34 Use of antipsychotics Concerns around over use and side effects
Cerebrovascular adverse effects (atypicals and typicals Behavioural and environmental approach first Multisensory stimulation, bright light therapy, aromatherapy

35 General guidance Target specific symptoms Start low and titrate up
Time limited (review after 3/12 stable) Evidence for risperidone and olanzapine for physical aggression, agitation and psychosis Long term use leads to cognitive decline and falls Discontinue gradually (unless severe side effects) Some people need to stay on them

36 GP monitoring For all types of dementia 6 monthly review
Functional, behavioural, carer, dementia advisor feedback Driving capability (see packs) Medication concordance, S/E, efficacy Carer strain Behavioural and psychological symptoms of Dementia (BPSD) Dedicated Memory Service Lead Nurse linked to each CCG for liaison/advice

37 Referral back to CMHT Urgent – goes to CMHT as usual
Advice regarding medication – phone memory service nurse or consultant psychiatrist Stuart Kennedy Dr White (City W) Dr Prettyman (City W) Dr Hinchliffe (City E) Dr Chakrabarti (City E) We will see again if significant behavioural and psychological symptoms of dementia (BPSD) or complex needs

38 Discontinuation of medication
NICE recommend that all patients who fall into severe category are “considered” for discontinuation of AChEIs May still be beneficial for Behavioural and Psychological Symptoms of Dementia (BPSD) even if cognition has declined Less cost implication now Consider if experiencing harmful effects or deteriorated to extent of palliative care Discuss with carers

39 Enhanced Service 2013/14 Facilitates 1st 2 strands of NDS by
Encouraging practices to screen populations with suspected dementia, (proposed DES and health checks in GMS contract) Refer more patients appropriately to Memory Assessment Clinic Agreeing to continue monitoring of treatment under Shared Care Agreement Practices will Nominate lead GP Maintain adequate records following read codes in clinical records Subject to approval Draft document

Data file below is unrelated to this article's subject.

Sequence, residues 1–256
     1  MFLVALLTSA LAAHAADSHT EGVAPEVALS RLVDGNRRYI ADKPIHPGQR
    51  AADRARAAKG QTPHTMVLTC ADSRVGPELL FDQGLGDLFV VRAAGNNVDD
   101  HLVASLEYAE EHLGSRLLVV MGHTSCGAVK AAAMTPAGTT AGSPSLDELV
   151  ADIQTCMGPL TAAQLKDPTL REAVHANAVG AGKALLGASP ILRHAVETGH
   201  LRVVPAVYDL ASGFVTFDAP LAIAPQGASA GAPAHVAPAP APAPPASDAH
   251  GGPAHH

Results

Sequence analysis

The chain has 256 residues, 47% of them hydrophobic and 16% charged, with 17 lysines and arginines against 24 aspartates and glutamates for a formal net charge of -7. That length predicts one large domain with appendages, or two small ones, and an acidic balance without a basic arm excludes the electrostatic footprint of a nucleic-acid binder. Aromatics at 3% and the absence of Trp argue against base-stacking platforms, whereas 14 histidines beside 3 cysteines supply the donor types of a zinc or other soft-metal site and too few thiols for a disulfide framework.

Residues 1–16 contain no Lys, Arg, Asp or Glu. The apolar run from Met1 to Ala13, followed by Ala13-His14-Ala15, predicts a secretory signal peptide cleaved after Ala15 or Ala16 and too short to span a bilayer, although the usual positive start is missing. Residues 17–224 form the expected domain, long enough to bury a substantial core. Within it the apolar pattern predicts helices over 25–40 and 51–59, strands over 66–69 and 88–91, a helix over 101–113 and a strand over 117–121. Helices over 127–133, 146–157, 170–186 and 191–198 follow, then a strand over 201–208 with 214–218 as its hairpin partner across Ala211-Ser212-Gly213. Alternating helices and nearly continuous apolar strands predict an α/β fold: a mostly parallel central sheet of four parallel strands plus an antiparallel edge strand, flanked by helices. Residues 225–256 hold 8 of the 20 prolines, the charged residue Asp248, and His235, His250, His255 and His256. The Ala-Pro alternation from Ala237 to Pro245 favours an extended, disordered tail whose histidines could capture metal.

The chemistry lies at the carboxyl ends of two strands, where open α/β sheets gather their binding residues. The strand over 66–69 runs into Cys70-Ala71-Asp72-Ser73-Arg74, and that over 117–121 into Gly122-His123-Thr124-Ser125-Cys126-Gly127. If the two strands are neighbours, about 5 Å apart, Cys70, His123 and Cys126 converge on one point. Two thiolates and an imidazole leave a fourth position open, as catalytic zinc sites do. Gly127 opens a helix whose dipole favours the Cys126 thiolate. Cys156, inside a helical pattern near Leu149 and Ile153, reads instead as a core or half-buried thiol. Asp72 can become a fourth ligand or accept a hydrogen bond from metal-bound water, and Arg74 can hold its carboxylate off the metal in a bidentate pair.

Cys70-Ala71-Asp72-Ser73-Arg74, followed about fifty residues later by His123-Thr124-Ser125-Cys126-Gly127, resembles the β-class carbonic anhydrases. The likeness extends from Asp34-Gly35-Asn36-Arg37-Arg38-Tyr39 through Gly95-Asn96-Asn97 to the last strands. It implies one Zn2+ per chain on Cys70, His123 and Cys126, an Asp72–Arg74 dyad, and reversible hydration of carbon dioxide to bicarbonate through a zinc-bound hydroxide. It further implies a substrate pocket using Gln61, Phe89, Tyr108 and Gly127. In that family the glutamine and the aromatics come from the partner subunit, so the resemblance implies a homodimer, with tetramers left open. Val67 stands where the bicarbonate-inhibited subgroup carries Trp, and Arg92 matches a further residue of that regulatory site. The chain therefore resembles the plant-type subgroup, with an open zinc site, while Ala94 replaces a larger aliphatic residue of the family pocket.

40 Enhanced service A draft LES for GP shared care has been developed and will be refreshed following agreement of the 2013/14 enhanced services Updates will be communicated through locality meetings, practice manager meetings and newsletters


42 Vignettes

43 Vignettes Case 1 73 year old man, brought to see you by wife who has noticed forgetfulness over last 12 months. Asking repetitive questions, can’t remember conversations or appointments. Wife frustrated, patient can’t really see a problem. Able to wash, dress and perform household chores. Driving without any problems. Scores 6/9 on patient GPCOG and 3/6 on informant section.

44 Vignettes Case 2 67 year old woman who comes to see you very concerned about her memory. Anxious that she is not functioning as well as she used to. Complains of forgetting where she has put things, needing to rely on calendar for appointments. Lives alone, fully independent with activities of daily living. Worried about Alzheimer’s disease. Scores 9/9 on GPCOG

45 Vignettes Case 3 79 year old woman
Initially seen by GP with cognitive impairment Son is main carer Referred to memory clinic Diagnosed with Alzheimer’s disease and commenced on Donepezil After 3 months, has been stable on 10mg Memory clinic write to you asking you to continue prescription under SCA and review in primary care

46 Vignettes Case 4 89 year old man with diagnosis of vascular dementia for 3 years, on no psychiatric medication Under 6 monthly review Wife phones to say that he has become increasingly agitated now He appears paranoid and suspicious of her She is frightened of him He keeps trying to leave the house and is clearly disorientated in time and place Initial examination reveals no acute cause for deterioration such as UTI

47 Vignettes Case 5 84 year old woman in residential home
5 year history of Alzheimer’s, on galantamine Now severely cognitively impaired Persistent poor appetite and refusal to eat No obvious physical cause Very frail Family reluctant for her to be admitted or have further physical investigations

48 Vignettes Case 6 69 year old man diagnosed with Alzheimer’s at memory clinic 9 months ago Driving assessed at memory clinic – DVLA informed of diagnosis, no visuospatial problems Stable on donepezil prescribed by GP Attends for 6 monthly review in primary care Now unable to draw interlocking pentagons Has had some minor scrapes in his car, but feels he is able to drive safely Despite your advice not to, he is adamant that he will continue to drive

49 Any Questions?